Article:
If anyone can do a remake well, it’s Disney. The House of Mouse’s newest addition to its live-action remake canon is Mulan, which hits select theaters and Disney+ on Friday. But, much like the recent adaptation of The Lion King, expect major changes to the much-beloved story.
After continuously pushing the release date back for months due to the pandemic, Mulan is finally available to stream this weekend. The 1998 animated version is a classic and a fan favorite, but viewers should anticipate a more realistic story from the new film, as 2020’s Mulan follows its original source material (the ancient Chinese folk story called The Ballad of Mulan) much more closely. Though the 1998 version is based on this same legend, it pulls many Westernized additions out of thin air, like Mulan’s pint-sized dragon sidekick Mushu and love interest Shang.
While you might not be able to picture the story without these elements, they ultimately make for a more historically accurate film. You might even be surprised to find that the historical Mulan is even more badass than the Disney Princess you’ve come to love.
Who was the original Mulan?
Although there are many different stories about Mulan beyond the Ballad of Mulan, the original poem tells the tale of the brave female warrior known as Mulan, who was a soldier in China during the Northern and Southern dynasties period (between 420 and 589 CE). Much like in the animated movie, she disguised herself as a man and joined the army so that her father, a sickly veteran conscripted a second time by imperial decree, wouldn’t be killed in combat.
That said, there are sizable differences between the ’98 movie and the ancient poem. In the ballad, Mulan fought against Rouran invaders instead of the Huns, a historical inaccuracy that the new film takes care to correct. The original Disney film also collapses the historical timeline. In the Ballad of Mulan, Mulan served twelve years in the army, culminating in an offer from the Emperor to take a government post. Mulan declined the offer, then retired to her village in the province of Hunan. After spending over a decade posing as a man, she finally revealed her true identity to her brothers in arms, who were shocked.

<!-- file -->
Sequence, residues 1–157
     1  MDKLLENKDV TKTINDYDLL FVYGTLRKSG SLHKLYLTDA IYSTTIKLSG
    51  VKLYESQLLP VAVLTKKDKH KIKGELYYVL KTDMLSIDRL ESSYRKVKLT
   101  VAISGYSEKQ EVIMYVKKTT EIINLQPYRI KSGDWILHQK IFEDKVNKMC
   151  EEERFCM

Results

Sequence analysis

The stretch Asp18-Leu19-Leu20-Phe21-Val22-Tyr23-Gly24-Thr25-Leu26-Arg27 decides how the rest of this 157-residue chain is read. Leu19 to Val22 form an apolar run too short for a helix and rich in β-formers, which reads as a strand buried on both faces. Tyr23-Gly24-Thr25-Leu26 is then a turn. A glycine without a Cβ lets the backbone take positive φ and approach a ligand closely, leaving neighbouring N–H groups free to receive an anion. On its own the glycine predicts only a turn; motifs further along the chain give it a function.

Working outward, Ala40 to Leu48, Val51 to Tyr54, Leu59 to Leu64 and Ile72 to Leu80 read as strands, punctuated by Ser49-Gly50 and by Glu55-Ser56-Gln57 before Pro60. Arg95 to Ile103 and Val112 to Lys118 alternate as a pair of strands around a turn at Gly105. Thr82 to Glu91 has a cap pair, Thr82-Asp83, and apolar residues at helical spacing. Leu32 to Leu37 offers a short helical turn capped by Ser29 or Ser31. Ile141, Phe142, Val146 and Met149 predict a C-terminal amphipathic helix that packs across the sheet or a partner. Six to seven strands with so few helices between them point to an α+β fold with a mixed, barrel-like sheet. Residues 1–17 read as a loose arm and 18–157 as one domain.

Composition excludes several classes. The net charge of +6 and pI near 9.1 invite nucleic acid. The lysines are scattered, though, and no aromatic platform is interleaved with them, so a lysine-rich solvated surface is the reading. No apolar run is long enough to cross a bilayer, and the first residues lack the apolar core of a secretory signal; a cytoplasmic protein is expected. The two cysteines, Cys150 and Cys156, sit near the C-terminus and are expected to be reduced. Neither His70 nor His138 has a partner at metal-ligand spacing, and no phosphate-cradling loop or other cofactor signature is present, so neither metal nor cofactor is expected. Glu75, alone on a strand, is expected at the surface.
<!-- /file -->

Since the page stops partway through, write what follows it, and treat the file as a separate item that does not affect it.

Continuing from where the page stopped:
Is the story true?
Was Mulan a real person, or simply a character in an ancestral story? Debate remains ongoing. Tour company China Highlights confirmed that a real war happened between the Northern Wei state and a Mongolic state called Rouran, based on Chinese historical documents. Plus, Smithsonian Magazine reported that scientists found physical evidence suggesting that female warriors once rode across what is now Mongolia.
When it comes to Chinese folklore, The Ballad of Mulan is unusual in that it contains no supernatural elements, suggesting that the story may be nonfiction. However, scholars generally disagree that Mulan existed. The story was passed down orally, leaving room for error and providing no historical evidence to prove Mulan’s existence. Regardless, the original poem has inspired countless film and stage adaptations throughout the 20th century.
How does the live action version differ from the animated movie?
In the live-action remake of Mulan, the familiar storyline remains intact, but many details have been changed. In addition to axing a few characters like Mushu, Grandmother Fa, and Li Shang, iconic scenes like Mulan cutting her hair and climbing up the pole to retrieve the arrow during training do not appear in the new film. Although none of the actors will break out into song like the 1998 movie, viewers can expect to hear familiar melodies.